Reelection in Mexico

Katie Putnam, Mexico Institute, 3/15/10

On March 5th, Alejandro Encinas, the coordinator of the PRD party in the Mexican Chamber of Deputies, told an audience at the Woodrow Wilson Center that a law allowing reelection for legislators would likely pass in the next two months. Experts have long critiqued Mexico’s ban on congressional reelection; among other problems, legislators are not accountable to their constituents (with reelection, constituents determine whether the legislator will need to look for a new job after the next election), nor do they or their staff have time to develop expertise in a particular issue area (think Senator Ted Kennedy on health care or Senator Joe Biden on foreign policy).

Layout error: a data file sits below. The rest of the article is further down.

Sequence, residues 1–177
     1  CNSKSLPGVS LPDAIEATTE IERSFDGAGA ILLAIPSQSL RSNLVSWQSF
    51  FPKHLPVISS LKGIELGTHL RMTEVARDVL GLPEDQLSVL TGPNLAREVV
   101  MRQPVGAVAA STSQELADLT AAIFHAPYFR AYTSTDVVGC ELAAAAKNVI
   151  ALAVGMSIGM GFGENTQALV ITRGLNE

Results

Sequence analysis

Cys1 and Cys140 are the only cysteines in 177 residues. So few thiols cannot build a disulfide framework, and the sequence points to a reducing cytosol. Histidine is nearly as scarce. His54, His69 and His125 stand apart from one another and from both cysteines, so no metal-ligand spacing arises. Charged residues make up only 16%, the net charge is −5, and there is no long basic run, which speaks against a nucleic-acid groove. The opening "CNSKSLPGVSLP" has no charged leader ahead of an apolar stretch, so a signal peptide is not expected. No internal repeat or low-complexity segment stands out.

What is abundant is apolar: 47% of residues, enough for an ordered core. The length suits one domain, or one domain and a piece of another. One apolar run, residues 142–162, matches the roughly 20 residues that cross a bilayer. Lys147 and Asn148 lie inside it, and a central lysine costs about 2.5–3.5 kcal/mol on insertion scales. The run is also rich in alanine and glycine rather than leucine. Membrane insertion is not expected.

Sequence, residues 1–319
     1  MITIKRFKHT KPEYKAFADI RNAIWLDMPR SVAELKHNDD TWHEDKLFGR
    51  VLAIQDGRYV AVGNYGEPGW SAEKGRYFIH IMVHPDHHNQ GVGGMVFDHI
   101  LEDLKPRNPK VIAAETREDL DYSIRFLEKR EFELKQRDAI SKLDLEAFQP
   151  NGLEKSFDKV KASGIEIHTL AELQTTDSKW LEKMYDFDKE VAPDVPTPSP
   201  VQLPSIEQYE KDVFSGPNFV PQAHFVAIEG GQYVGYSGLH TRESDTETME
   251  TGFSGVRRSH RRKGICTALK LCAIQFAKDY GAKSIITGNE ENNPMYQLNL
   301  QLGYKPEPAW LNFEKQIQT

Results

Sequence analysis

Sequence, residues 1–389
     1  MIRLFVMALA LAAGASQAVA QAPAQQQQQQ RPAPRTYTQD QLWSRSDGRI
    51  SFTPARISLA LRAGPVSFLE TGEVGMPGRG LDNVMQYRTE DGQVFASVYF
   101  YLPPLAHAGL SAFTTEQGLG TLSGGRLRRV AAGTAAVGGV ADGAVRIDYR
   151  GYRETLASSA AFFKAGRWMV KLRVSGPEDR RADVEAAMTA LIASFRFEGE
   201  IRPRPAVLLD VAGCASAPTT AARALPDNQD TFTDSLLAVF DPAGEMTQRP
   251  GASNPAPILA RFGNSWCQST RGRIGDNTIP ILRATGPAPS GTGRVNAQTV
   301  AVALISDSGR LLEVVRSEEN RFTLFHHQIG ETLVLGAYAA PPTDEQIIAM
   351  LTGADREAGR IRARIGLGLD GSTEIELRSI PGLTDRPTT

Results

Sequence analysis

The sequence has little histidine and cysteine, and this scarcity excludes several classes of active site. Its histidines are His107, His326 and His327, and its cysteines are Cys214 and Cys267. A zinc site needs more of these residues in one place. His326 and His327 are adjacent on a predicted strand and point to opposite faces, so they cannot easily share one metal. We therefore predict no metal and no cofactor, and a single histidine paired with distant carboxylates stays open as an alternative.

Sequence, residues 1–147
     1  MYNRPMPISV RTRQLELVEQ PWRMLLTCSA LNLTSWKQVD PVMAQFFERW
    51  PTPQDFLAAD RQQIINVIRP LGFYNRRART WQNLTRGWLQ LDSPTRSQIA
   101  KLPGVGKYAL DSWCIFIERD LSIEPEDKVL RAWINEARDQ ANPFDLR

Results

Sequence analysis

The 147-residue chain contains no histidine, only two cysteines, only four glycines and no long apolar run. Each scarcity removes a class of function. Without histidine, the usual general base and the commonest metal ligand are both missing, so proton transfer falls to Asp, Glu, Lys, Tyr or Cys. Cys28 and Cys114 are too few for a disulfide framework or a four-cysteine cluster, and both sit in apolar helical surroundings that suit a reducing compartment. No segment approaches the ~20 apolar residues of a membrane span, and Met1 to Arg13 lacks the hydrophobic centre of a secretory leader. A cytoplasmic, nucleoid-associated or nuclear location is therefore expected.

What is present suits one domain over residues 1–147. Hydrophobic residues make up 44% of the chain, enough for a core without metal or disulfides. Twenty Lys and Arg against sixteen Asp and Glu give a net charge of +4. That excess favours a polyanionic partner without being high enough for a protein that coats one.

Encinas praised the theoretical benefits of allowing reelection in Congress. The bill, part of a larger set of government proposals being considered in Congress, would allow members of the lower house of Congress to seek up to four consecutive, three-year terms in office. The other two major parties, the PRI and the PAN, with some divisions, have said they will support it. What’s the problem?

Encinas will not vote for it. Nor will most of his party.

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